Mostly because you're relying on cosmetic data (the file name) to identify the content you get attacks like open naked_pics.exe.jpg as email attachments (with instructions for stripping the .jpg of the file name), where-as magic number approaches have the identity of the file type mixed with the file data, which is harder for a curious recipient to change, opening it in notepad risks damaging the binary part of it (presuming the virus is an executable or COM file).



  •  @mallard said:

    Except that if you recieve your file in an archive (hardly unusual), the execute bit is (almost always) preserved...

    True, and a good point. (The archive itself wouldn't be executable though.) You'd still have the extra defense of having to manually unpack the archive first, but I agree this could be a possible attack vector in the future ("Hey n00b Linux user! Here's some pics of Britney having sex! I put them in an archive for your downloading convenience; please unpack and double click any pic to view them in your favourite application!"). I'd have to run some tests to see how the various Linux file managers would handle that, it's almost too obvious to work ;-)



  • @Monomelodies said:

    I'd have to run some tests to see how the various Linux file managers would handle that, it's almost too obvious to work ;-)
    Most by default would try and render a thumbnail of the image, unless it happens to be an executable then you get a gear (I think). Thunar confirms this, I have neither Gnome nor KDE installed, so I can't test their file managers. I'll try out endevour2 later on.



  • @Aaron said:

    Aside from being a massive inconvenience to 99% of computer users, it doesn't even really accomplish anything.  It would be a pretty nutty coincidence if a data file, accidentally executed, would run long enough to actually do any damage.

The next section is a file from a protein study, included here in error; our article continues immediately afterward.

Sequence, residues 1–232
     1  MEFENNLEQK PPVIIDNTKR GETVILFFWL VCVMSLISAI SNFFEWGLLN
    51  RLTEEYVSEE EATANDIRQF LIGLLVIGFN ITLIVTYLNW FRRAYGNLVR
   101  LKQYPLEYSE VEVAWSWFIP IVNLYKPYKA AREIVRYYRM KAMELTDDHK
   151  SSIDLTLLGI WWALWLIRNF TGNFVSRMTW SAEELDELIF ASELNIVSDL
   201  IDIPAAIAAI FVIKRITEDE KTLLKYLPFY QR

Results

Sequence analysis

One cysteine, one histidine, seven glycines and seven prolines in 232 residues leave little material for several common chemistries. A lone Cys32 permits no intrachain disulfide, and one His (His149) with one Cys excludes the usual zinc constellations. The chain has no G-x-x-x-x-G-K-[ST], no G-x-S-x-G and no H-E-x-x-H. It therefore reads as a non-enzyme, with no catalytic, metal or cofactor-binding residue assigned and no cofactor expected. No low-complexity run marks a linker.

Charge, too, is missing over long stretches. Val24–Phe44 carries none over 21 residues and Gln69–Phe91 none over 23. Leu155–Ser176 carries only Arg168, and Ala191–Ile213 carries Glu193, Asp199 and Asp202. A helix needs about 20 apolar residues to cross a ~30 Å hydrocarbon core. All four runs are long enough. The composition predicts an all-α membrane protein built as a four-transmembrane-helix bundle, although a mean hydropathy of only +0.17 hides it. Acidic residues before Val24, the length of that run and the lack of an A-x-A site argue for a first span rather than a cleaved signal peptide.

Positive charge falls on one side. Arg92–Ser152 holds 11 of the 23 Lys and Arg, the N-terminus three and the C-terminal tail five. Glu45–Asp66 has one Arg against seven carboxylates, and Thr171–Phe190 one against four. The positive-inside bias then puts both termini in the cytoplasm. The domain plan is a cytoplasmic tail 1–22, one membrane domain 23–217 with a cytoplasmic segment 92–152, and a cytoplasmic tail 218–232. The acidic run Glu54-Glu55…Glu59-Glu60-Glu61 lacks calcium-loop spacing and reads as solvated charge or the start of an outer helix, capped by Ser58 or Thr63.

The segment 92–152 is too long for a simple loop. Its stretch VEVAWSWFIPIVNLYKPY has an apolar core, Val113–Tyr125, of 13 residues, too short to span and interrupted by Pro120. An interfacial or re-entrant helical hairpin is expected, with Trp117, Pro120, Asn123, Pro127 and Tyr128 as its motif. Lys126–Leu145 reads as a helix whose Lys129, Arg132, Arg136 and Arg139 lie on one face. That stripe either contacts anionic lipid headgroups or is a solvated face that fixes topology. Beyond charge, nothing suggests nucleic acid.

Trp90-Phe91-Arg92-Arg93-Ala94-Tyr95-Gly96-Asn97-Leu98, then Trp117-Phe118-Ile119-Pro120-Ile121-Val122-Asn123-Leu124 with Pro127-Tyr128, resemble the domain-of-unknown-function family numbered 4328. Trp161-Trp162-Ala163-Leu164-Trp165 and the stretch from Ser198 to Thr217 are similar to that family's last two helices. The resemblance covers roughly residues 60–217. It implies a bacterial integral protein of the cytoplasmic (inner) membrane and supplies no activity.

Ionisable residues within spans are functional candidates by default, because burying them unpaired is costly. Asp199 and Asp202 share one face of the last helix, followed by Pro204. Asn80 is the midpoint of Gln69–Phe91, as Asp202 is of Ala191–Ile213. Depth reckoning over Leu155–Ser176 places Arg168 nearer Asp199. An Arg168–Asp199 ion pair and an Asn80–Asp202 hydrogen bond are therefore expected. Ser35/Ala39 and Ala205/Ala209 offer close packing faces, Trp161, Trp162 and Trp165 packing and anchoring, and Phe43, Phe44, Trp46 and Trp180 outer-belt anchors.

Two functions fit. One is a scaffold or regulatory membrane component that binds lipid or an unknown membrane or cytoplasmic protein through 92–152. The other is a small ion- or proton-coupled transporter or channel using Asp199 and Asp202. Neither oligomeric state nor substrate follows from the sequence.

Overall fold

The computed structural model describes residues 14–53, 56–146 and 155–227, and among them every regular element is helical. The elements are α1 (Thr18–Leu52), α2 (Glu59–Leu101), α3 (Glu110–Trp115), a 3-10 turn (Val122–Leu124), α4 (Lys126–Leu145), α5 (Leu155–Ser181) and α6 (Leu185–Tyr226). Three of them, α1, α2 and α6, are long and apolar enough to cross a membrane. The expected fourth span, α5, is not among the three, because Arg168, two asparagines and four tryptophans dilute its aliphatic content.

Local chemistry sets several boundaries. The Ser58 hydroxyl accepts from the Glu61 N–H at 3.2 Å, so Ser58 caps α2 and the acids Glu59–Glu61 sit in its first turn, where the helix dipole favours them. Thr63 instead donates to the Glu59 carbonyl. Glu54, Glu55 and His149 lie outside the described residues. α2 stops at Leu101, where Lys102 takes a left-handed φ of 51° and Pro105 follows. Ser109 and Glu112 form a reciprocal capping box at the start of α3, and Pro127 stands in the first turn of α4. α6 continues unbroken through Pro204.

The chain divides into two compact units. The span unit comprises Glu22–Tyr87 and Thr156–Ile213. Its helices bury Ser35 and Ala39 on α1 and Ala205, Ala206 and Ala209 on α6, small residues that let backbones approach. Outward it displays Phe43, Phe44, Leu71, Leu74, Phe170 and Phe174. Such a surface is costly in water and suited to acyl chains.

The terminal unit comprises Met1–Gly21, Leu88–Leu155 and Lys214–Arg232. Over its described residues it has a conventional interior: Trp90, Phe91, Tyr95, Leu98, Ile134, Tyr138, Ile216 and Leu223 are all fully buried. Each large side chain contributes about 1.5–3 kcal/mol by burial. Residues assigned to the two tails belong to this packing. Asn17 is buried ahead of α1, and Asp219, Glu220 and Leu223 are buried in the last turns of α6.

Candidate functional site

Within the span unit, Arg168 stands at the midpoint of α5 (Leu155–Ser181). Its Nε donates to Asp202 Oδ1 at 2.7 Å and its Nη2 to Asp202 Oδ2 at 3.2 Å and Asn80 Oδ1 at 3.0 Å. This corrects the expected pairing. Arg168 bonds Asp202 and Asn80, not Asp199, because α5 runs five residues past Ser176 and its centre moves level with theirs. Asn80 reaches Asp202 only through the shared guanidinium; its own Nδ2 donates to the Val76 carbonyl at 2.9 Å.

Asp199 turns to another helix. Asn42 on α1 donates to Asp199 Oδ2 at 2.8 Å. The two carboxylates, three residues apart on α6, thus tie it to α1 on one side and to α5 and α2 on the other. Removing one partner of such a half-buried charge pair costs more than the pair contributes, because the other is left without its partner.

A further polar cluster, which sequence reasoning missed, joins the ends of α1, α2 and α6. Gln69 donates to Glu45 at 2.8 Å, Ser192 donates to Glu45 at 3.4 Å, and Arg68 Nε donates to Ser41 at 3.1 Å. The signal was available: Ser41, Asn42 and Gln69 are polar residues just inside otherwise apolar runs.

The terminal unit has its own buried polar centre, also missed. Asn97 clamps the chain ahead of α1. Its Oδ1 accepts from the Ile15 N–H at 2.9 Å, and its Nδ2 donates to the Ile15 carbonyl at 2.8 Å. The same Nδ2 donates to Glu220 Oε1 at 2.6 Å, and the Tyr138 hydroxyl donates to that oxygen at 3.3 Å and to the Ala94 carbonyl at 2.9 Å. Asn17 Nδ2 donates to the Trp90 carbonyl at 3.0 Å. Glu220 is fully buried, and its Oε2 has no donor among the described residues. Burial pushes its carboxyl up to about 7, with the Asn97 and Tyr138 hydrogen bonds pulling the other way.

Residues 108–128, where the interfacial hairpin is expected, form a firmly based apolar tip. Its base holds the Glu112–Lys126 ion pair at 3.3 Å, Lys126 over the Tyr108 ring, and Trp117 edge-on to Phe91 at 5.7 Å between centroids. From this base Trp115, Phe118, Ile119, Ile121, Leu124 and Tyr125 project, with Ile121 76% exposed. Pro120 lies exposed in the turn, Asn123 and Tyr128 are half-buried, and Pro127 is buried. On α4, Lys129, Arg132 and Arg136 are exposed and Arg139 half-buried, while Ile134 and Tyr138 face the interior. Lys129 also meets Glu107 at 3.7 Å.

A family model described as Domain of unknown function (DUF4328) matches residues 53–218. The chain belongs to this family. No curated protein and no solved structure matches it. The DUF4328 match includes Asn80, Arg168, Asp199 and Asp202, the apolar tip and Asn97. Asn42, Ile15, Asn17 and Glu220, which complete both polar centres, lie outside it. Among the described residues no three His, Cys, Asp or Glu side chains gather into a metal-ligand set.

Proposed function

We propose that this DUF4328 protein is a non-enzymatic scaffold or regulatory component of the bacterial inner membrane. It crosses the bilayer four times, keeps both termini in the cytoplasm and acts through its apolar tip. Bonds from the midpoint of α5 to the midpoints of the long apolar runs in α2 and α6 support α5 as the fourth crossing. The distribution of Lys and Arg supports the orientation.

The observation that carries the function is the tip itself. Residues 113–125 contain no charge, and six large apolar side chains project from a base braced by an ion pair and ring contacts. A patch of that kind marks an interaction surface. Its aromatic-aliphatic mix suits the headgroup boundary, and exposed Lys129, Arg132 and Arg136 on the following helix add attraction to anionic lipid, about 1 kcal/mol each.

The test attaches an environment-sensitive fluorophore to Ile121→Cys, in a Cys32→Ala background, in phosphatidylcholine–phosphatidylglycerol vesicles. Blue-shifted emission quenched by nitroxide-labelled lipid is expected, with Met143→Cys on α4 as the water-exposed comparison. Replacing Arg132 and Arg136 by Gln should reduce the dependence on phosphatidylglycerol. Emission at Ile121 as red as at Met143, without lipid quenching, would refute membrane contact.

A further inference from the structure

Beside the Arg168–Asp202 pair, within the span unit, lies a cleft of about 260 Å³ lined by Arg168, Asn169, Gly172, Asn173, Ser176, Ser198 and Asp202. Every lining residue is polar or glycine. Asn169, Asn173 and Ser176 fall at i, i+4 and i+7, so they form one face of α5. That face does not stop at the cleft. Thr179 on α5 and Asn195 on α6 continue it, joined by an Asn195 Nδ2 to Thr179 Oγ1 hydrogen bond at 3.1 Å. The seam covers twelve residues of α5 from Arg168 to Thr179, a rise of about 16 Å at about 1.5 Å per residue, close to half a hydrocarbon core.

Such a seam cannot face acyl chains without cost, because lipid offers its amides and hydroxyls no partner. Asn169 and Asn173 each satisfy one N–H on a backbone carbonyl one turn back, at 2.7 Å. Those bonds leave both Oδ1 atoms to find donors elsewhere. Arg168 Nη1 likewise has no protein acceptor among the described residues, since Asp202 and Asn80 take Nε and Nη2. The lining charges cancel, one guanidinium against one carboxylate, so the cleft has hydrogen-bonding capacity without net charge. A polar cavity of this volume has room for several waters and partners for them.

FilenameIntendedToMakeMeCurious.jpg[.exe]? My main point was that the extension is made important, but is hidden by default. That's the biggest part of the security risk (how many users know how to turn this "feature" off?).

    @Aaron said:

    You can "uphold" whatever you want, but I've never heard of any credible experts in the security field whining about file extensions.
     

    I seem to vaguely remember a not-insignificant number of large virus outbreaks exploiting this.



  • @Lingerance said:

    ... attacks like open naked_pics.exe.jpg as email attachments (with instructions for stripping the .jpg of the file name) ...

    I believe the more common occurance is an attack like a "naked_pics.jpg.exe" attachment - which, with windows default extension-hiding behaviour, displays as "naked_pics.jpg" and runs an executable.

    Extension hiding can be useful; I remember seeing (before windows 95) cases where someone had renamed (e.g.) "story.doc" to "oldstory" and then complained that their story was broken.

    There's a compromise that I've seen in some other file managers where the extension is left unselected when you go to rename a file - you can still change the extension if you want to, but you don't have to do extra work to keep the same extension.